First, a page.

Verance, Dolby, KPBS Test 3.0 Personalized Audio
Verance Corp. and Dolby today announced they successfully completed a test of internet-delivered dialogue enhancement, one of several compelling next-gen TV personalized audio experiences for San Diego public media KPBS.
The test, which took place in February and included the Verance Aspect watermark and Dolby AC-4, successfully demonstrated that the dialogue enhancement feature of Dolby AC-4 can be delivered as a standalone audio stream over the internet and paired with video delivered through a live linear broadcast.
The pairing was made seamlessly, the companies said, with precise broadband audio and broadcast video synchronization, and delivered over all MVPD paths, including cable and satellite.
The results are well-timed, the companies said, since TV makers are expected to introduce millions of ATSC 3.0-enabled TVs to the market starting in 2020 and broadcasters are increasingly focused on developing next-gen TV applications. In fact, new advanced audio features have been identified as key reasons to purchase an ATSC 3.0 television within recent consumer studies conducted by Frank N. Magid Associates.
“The dialogue enhancement technology provided by Verance and Dolby is a real game changer,” said Bruce Rogow, associate general manager, KPBS operations and technology division. “We have received complaints from viewers about background music and sounds drowning out the voices in shows and have worked diligently to improve the quality and discernibility of dialogue throughout the production process. Because so much of our content comes from outside sources, it has been a very challenging issue. The technology from Verance and Dolby is an effective tool.”
Within the broadcast chain, Aspect plays an essential role in delivering leading next-gen capabilities such as personalization, interactivity and census-like audience measurement to 100% of televisions across all distribution paths, including ATSC 1.0 and 3.0 over-the-air, cable/satellite (MVPD) and over-the-top services. Without Aspect, only televisions receiving 3.0 over-the-air transmissions are expected to be able to support next-gen experiences (less than 20% of all televisions).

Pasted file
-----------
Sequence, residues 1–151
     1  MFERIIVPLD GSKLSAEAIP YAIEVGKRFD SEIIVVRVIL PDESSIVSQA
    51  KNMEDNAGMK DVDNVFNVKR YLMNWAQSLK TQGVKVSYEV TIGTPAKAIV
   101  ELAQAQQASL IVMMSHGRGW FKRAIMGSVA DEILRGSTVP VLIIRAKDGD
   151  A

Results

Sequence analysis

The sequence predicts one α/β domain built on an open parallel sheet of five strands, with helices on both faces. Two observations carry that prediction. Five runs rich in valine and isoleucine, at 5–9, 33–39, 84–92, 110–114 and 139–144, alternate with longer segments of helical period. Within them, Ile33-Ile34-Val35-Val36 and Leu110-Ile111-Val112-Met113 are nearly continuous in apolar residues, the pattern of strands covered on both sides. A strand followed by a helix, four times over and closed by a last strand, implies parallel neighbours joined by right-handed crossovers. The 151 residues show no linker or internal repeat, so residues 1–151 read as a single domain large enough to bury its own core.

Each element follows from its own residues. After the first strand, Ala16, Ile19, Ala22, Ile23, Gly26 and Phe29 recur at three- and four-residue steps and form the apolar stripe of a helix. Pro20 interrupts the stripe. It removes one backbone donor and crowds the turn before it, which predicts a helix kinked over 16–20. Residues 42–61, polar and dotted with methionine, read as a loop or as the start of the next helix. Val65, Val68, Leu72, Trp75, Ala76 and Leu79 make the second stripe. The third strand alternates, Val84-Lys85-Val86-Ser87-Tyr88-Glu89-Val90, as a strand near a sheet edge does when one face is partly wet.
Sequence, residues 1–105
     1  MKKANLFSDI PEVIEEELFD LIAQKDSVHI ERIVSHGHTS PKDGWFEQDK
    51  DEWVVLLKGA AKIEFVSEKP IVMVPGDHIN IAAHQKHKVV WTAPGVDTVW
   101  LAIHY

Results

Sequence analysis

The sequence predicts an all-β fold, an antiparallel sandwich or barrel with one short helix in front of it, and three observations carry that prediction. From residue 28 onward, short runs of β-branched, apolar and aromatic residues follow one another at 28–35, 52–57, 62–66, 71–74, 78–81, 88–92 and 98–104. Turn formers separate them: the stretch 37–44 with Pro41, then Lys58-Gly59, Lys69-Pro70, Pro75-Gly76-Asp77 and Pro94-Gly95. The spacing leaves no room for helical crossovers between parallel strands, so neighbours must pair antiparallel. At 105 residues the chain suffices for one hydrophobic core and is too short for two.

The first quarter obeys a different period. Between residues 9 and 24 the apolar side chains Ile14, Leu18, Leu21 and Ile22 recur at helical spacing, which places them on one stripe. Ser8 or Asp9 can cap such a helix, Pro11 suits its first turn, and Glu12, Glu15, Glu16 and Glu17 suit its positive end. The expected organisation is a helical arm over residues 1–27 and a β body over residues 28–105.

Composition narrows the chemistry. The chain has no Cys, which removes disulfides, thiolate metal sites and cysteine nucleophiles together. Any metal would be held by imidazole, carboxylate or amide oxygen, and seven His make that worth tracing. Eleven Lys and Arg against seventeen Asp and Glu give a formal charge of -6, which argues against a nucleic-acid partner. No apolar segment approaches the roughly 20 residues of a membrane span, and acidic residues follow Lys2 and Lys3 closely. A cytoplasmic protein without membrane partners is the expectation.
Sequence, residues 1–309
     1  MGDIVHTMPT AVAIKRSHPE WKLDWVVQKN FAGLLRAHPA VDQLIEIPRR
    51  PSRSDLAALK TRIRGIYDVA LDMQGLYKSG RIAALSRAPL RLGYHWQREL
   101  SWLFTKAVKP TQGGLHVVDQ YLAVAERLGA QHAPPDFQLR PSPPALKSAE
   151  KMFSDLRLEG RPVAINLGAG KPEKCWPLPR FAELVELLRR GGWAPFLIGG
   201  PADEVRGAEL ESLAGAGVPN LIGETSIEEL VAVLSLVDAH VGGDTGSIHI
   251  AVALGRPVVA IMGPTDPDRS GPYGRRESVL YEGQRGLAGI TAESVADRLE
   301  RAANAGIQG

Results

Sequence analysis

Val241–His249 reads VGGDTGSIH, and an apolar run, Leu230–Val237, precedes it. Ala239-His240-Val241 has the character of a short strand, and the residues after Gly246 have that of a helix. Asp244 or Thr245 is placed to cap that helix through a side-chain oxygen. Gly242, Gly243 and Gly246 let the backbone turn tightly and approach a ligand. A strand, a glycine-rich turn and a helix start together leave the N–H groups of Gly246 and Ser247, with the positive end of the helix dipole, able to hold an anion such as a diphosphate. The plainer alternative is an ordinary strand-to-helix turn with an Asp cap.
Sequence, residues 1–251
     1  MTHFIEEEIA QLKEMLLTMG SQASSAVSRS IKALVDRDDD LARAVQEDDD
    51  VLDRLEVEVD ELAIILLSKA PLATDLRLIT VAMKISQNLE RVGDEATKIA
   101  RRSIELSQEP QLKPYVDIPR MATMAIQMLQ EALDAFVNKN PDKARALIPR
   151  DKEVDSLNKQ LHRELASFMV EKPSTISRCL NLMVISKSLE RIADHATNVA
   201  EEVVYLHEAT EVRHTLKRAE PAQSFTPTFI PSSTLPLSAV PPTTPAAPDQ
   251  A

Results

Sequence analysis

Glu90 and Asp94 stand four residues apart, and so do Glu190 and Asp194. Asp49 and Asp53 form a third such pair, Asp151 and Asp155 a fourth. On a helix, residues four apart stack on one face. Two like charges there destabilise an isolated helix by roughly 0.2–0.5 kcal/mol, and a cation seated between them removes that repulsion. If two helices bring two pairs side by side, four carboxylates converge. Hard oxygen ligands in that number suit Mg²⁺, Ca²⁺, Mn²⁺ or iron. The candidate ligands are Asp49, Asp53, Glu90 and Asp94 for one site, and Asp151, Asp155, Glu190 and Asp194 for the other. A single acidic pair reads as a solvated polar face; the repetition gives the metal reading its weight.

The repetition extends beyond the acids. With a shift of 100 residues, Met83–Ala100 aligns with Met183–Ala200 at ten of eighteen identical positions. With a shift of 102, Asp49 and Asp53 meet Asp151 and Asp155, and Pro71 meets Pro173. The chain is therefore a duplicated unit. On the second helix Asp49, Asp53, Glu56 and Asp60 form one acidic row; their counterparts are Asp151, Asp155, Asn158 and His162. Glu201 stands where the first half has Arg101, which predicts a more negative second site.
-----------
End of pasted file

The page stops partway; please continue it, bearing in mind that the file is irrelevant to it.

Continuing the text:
The Dolby AC-4 Encoder powers multiple personalized audio experiences. In addition to dialogue enhancement, it enables audio replacement, a next-gen TV capability that allows broadcasters to go beyond the main and secondary audio available and provide viewers with access to many alternate languages. It also enables alternative commentary, a capability that allows broadcasters to offer different commentaries such as hometown announcers during live sports.
Now that dialogue enhancement has been successfully delivered within a live linear 1.0 broadcast environment, Verance and Dolby say they plan to replicate the test with an ATSC 3.0 broadcaster.
“Together with Verance and KPBS, we have proven the value and the impact Dolby AC-4 can play in hybrid broadcasts and demonstrated the growing importance of next-generation features like better audibility, also known as dialogue enhancement,” said Mathias Bendull, VP, multi-screen services audio, Dolby Laboratories. “Not just a feature for the hearing impaired, dialogue enhancement also enables all viewers to have a better experience when dialogue is harder to hear, like in a noisy room.”
Joe Winograd, CTO of Verance, said: “This test was a huge accomplishment for our businesses and validates the seamless delivery of personalized audio experiences delivered over MVPD paths. Broadcasters investing in the development of Next Gen TV applications can now proceed with confidence, knowing that these applications are capable of reaching 100% of U.S. households, including the 80% of viewers currently using MVPD services.”